Appendicitis

A condition in which the appendix becomes inflamed and filled with pus, causing pain.

Symptoms include right lower abdominal wall, nausea, vomiting and decreased appetite. Severe complications of a ruptured appendix include widespread, painful inflammation of the inner lining of the abdominal wall and sepsis.

Appendicitis is caused by blockage of the hollow portion of the appendix. This is the most commonly due to a calcified “stone” made of feces. Inflamed lymphoid tissue from viral infection, parasites, gallstone or tumors may also cause the blockage.

This blockage leads to increased pressures in the appendix, decreased blood flow to the tissue of the appendix and the bacterial growth inside the appendix causing inflammation.

Signs and symptoms Acute appendicitis inside abdominal pain, nausea, vomiting and fever.

As the appendix becomes more swollen and inflamed, it begins to irritate the adjoining abdominal wall. This leads to the localization of the pain to the right lower quadrant.

Signs include localized finding in the right iliac fossa. The abdominal wall becomes very sensitive to gentle pressure (palpation). There is severe pain on sudden release of deep pressure in the lower abdomen.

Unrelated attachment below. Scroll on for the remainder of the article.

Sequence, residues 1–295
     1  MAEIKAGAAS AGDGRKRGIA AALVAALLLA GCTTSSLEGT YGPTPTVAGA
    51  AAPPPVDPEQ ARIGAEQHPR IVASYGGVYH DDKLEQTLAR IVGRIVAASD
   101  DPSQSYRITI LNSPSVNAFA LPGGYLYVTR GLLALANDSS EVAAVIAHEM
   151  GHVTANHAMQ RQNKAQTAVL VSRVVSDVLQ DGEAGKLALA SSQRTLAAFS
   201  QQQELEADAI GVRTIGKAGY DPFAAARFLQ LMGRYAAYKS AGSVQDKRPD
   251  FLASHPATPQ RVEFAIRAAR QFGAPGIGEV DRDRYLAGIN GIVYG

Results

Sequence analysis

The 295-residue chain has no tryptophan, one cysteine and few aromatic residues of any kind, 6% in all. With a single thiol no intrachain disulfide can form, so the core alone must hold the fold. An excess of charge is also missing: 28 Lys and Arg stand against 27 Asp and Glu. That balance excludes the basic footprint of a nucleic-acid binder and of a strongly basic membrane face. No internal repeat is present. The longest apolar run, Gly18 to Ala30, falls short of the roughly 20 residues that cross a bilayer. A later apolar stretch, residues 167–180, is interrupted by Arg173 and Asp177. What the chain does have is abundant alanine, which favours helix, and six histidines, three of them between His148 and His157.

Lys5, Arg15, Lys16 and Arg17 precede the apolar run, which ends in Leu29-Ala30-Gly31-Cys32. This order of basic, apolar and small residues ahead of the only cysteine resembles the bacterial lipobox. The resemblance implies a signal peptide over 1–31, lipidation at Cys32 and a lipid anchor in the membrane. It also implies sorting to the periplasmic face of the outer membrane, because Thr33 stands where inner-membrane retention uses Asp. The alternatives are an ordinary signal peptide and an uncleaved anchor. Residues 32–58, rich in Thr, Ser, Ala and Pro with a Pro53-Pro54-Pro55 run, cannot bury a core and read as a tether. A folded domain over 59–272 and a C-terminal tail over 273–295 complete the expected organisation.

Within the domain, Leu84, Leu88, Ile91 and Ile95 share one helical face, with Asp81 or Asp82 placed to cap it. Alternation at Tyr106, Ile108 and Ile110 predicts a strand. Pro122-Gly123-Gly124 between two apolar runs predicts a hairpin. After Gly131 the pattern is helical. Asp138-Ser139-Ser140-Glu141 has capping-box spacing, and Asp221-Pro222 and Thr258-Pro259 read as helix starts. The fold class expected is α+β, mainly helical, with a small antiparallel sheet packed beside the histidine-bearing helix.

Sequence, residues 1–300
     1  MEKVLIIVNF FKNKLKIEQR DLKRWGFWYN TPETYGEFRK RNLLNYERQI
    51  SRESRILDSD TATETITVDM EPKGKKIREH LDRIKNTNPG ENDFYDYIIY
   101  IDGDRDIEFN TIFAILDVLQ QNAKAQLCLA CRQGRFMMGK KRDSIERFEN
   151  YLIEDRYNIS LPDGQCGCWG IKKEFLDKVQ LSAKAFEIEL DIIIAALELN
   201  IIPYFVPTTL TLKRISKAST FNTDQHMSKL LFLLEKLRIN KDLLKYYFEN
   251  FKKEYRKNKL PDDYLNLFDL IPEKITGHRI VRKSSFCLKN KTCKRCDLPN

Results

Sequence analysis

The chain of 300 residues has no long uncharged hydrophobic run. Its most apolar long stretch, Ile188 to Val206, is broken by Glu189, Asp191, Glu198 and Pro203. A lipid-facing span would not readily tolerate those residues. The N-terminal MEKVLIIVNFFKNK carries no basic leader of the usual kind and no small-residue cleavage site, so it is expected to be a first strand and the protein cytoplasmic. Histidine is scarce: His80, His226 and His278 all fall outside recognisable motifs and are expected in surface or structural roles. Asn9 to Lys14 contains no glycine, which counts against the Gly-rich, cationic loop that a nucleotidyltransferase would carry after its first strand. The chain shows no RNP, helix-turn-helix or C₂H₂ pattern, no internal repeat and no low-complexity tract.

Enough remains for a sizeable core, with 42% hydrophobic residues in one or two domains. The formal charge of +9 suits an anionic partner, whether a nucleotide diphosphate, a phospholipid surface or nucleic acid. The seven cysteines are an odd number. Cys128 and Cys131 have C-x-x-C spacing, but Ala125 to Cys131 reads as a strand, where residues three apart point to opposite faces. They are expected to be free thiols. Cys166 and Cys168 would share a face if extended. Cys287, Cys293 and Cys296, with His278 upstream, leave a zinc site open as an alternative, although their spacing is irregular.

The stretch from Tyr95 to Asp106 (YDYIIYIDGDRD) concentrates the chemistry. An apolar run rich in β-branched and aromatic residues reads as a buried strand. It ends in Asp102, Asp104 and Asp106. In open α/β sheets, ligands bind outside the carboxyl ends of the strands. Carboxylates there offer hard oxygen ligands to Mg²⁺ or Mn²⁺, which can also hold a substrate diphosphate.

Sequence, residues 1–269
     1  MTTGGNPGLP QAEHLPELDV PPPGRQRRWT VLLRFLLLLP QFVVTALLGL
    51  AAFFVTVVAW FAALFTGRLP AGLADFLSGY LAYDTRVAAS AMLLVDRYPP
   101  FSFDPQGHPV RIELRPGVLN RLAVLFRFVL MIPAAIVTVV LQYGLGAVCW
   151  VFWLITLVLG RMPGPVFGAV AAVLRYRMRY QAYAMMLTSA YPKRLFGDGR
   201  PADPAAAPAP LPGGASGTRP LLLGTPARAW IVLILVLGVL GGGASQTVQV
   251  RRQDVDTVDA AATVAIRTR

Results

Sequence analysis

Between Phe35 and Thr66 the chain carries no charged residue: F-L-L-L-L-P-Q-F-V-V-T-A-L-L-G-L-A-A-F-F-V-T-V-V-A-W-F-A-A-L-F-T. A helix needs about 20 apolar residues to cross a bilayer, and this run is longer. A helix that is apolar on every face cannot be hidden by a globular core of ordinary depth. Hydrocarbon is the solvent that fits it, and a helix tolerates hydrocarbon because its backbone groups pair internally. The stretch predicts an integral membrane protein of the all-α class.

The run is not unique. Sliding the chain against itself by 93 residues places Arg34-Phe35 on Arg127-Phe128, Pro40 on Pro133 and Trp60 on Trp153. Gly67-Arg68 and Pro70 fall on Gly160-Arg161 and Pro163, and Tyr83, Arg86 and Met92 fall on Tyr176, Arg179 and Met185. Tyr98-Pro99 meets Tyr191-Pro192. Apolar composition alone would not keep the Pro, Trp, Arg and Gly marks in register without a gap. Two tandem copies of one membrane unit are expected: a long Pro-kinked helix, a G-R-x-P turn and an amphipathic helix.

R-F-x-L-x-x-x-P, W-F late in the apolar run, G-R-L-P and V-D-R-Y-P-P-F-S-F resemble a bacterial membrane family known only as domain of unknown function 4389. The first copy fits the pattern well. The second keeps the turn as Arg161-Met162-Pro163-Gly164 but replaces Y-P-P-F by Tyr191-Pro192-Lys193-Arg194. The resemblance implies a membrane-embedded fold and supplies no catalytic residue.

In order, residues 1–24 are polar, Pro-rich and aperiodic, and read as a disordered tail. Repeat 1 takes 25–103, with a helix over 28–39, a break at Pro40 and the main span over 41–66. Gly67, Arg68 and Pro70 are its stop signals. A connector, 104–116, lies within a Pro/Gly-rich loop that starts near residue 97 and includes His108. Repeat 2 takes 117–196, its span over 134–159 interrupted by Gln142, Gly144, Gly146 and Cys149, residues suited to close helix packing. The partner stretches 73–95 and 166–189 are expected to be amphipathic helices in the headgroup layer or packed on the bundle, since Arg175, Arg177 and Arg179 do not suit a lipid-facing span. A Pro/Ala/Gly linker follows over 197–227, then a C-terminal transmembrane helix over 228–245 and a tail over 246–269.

CAUSES Acute appendicitis seems to be the end result of a primary obstruction of the appendix. Once this obstruction occurs, the appendix becomes filled with mucus and swells. This continued production of mucus leads to increased pressures within the lumen and the walls of the appendix. The increased pressure results in thrombosis and occlusion of the small vessels and stasis of lymphatic flow.

The causative agents include benzoars, foreign bodies, trauma, intestinal worms, lymphadenitis and most commonly, calcified fecal deposits that are known as appendicoliths or fecoliths.

Diagnosis based on a medical history and physical examination which can be supported by an elevation of neutrophilic white blood cells and imaging studies is needed.

Typical appendicitis include several hrs of generalized abdominal pain that begins in the region of the umbilicus with associated anorexia, nausea or vomiting. The pain then “localizes” into the right lower quadrant where the tenderness increase in intensity.

Atypical histories lack this typical progression and ma include pain in the right lower quadrant as an initial symptoms. Irritation of the peritoneum can lead to increased pain on movement and jolting. Atypical histories often require imaging with ultrasound or ct scanning.

REFERENCE:

www.webmd.com

www.medicinenet.com

https//en.m.wikipedia.org

www.healthline.com

www.m.webmd.boots.com

www.nhs.uk

https://medlineplus.gov

www.emedicinehealth.com

www.medicalnewstoday.com